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Dissolution Rate of Propellant Energetics from Nitrocellulose Matrices
ENGINEER RESEARCH AND DEVELOPMENT CENTER HANOVER NH COLD REGIONS RESEARCH AND ENGINEERING LAB
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During firing, propellant residues are scattered onto the soil surface where their energetic compounds can be dissolved by precipitation. The residues, like the unfired propellants, are composed of nitrocellulose imbibed with either 2,4-DNT single-base, nitroglycerin NG double-base or NG and nitroguanidine NQ triple-base. Although nitrocellulose is insoluble, 2,4-DNT, NG, and NQ are soluble and 2,4-DNT and NG are also toxic. Consequently, data on how quickly 2,4-DNT, NG, and NQ are dissolved from propellant residues are needed to determine the flux of these compounds to soil. Once in soil solution, the partition coefficient, Kd, and degradation rate, k values are needed to predict the transport of energetics through the vadose zone and to groundwater. We measured the 2,4-DNT, NG, and NQ dissolution rates for different propellants using laboratory batch and drip tests where no soil was present and soil column studies, which used similar propellant and residues as source terms, to determine partition coefficients and degradation rates. Because the surfaces of propellants and residues may play an important role in dissolution of the energetic constituents, we studied these using both light and electron microscopy. We found that 2,4-DNT is well bound to NC and dissolves out slowly, but that both NG and NQ have fast initial dissolution followed by slower mass loss. The amount of NG dissolved is a function of the NGNC ratio in the propellant and both our mass loss data and our microscopy results suggest that NG exists as fine liquid droplets within an NC matrix rather than as dispersed molecules.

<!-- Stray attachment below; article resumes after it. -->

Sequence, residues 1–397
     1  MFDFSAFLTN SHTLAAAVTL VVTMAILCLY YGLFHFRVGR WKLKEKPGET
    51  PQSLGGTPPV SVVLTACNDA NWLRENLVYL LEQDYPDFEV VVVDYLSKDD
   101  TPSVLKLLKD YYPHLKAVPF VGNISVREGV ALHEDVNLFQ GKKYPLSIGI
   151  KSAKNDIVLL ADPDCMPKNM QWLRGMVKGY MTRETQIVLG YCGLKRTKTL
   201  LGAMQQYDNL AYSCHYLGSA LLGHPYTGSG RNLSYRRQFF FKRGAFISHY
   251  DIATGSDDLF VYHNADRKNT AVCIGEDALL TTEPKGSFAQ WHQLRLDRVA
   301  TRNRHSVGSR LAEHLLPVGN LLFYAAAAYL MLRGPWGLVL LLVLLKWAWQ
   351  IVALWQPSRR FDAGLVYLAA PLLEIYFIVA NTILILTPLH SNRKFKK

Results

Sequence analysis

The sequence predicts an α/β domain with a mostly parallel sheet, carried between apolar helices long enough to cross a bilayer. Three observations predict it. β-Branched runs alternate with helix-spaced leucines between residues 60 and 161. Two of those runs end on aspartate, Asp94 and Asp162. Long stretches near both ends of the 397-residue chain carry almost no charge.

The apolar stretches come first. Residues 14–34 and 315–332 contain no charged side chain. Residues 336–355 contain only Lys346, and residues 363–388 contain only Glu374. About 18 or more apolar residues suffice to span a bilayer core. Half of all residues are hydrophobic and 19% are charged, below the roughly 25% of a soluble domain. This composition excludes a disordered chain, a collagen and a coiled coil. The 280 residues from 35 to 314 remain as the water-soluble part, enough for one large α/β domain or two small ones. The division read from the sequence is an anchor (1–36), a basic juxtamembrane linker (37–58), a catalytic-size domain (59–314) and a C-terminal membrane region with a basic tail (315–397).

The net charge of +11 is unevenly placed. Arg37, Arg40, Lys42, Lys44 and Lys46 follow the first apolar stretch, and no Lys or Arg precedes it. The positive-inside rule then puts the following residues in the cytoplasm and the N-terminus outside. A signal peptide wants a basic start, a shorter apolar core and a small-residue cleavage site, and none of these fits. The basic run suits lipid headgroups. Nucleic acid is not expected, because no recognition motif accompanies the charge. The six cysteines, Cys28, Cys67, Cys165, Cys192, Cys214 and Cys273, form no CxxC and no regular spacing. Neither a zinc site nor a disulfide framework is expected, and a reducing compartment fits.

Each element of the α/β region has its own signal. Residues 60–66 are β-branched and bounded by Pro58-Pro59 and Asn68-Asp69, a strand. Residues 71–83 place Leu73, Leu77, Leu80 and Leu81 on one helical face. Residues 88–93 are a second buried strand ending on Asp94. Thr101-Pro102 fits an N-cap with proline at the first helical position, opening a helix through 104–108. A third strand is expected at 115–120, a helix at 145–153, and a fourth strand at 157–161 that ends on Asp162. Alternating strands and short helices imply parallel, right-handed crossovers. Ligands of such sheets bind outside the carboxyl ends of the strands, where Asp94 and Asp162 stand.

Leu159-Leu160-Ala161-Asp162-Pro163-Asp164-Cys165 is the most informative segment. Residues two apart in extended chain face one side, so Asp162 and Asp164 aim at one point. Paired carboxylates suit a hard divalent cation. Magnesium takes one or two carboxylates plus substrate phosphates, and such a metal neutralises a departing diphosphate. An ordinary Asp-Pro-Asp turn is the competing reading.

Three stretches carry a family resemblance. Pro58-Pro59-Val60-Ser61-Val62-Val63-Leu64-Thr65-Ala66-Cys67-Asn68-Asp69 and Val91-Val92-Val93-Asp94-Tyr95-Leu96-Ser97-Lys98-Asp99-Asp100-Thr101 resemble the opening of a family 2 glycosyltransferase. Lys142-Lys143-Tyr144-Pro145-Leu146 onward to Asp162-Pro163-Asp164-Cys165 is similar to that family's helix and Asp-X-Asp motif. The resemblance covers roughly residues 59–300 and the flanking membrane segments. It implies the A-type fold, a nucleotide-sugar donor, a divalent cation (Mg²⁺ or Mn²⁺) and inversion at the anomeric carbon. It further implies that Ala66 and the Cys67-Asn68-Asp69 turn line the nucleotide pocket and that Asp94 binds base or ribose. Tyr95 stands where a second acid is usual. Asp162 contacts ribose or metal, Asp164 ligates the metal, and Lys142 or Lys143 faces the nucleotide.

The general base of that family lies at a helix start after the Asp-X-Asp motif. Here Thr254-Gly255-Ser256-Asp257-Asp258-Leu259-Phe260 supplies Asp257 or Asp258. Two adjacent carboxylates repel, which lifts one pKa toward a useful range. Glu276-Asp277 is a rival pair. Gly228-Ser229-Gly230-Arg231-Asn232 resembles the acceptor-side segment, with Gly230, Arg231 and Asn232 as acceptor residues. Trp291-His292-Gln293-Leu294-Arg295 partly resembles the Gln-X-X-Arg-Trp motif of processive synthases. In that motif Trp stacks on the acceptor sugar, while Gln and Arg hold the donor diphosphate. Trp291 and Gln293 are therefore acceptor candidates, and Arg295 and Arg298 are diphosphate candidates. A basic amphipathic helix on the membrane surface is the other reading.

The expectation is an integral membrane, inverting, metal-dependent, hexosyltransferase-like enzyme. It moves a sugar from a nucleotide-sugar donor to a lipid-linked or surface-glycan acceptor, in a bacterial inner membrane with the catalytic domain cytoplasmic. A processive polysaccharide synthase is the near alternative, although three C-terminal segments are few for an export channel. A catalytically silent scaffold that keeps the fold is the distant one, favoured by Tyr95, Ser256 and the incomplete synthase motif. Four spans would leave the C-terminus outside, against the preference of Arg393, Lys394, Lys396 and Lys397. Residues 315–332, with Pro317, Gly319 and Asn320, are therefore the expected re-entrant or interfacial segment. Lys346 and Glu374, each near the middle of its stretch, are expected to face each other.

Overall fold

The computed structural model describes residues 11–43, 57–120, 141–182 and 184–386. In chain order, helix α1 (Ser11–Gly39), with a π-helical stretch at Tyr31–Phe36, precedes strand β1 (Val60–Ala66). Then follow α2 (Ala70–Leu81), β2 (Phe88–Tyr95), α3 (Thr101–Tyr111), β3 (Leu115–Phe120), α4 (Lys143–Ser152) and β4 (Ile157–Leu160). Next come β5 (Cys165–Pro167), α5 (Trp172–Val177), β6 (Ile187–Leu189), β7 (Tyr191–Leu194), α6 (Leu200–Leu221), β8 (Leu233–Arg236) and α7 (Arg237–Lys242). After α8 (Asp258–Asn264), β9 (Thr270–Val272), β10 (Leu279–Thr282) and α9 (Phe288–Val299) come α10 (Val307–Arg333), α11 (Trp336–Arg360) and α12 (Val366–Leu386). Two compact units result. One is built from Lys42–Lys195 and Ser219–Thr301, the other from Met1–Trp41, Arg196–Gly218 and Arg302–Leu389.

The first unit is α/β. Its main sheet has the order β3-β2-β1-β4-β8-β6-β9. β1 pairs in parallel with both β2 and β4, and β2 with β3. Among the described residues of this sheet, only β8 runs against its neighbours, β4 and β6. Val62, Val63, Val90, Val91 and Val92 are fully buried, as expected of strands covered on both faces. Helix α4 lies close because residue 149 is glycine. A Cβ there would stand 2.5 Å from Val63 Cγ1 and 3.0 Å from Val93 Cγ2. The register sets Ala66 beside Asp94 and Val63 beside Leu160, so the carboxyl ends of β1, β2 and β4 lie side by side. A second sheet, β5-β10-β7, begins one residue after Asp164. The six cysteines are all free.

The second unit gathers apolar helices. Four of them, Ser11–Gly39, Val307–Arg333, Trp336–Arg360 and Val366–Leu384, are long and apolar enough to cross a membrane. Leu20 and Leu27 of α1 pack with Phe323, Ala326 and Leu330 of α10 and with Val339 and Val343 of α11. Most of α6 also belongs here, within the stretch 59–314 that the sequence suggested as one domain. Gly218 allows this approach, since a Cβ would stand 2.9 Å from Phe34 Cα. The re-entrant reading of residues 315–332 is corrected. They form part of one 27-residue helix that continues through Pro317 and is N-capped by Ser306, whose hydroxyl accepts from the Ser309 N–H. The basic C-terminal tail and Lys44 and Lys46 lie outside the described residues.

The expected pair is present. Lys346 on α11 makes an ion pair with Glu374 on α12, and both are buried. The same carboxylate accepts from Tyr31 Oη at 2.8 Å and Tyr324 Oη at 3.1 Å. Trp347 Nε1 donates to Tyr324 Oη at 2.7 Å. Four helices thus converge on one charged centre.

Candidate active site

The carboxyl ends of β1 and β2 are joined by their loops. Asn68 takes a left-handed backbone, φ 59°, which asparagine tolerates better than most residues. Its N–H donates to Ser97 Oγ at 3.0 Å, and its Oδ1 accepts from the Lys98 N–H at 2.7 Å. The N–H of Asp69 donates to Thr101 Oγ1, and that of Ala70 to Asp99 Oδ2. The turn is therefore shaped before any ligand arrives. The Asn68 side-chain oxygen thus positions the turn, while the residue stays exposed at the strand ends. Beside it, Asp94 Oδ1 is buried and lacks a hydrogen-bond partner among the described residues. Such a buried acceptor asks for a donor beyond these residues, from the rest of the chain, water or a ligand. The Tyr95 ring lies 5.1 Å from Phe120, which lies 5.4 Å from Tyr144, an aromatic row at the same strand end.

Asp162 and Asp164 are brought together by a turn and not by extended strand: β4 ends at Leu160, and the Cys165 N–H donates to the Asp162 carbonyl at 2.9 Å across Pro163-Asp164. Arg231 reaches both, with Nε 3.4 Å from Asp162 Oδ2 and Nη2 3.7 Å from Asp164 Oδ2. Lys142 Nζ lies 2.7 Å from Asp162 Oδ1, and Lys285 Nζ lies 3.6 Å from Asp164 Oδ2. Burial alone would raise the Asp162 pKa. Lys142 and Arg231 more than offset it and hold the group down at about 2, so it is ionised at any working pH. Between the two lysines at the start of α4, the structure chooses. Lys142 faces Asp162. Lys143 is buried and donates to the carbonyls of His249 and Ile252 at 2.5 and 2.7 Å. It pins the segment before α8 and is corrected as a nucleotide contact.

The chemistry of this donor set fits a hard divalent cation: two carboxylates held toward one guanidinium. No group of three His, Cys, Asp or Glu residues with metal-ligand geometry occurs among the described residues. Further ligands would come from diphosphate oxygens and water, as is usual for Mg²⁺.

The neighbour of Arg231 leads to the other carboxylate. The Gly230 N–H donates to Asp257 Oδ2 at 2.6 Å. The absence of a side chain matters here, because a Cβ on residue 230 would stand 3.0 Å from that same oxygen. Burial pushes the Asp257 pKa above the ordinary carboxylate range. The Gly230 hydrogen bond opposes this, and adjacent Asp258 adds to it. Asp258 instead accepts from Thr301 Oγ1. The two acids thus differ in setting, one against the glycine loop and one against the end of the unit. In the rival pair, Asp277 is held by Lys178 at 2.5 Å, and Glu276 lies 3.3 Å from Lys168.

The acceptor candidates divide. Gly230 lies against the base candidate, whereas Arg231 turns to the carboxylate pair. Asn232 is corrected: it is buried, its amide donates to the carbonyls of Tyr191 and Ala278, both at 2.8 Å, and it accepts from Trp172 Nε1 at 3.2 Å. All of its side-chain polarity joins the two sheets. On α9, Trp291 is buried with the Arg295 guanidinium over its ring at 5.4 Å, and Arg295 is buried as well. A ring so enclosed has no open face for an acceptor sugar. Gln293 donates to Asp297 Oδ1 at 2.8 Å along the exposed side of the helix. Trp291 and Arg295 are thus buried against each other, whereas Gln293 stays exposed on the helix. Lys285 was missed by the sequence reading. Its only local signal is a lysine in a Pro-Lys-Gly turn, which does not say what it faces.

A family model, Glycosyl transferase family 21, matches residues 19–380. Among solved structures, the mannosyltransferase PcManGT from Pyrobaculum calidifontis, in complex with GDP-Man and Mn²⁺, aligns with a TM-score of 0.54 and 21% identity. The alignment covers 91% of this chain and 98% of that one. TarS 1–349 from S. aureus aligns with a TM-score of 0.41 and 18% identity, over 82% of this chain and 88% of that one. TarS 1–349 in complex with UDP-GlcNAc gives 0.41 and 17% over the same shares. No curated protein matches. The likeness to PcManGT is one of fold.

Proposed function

APPROVED FOR PUBLIC RELEASE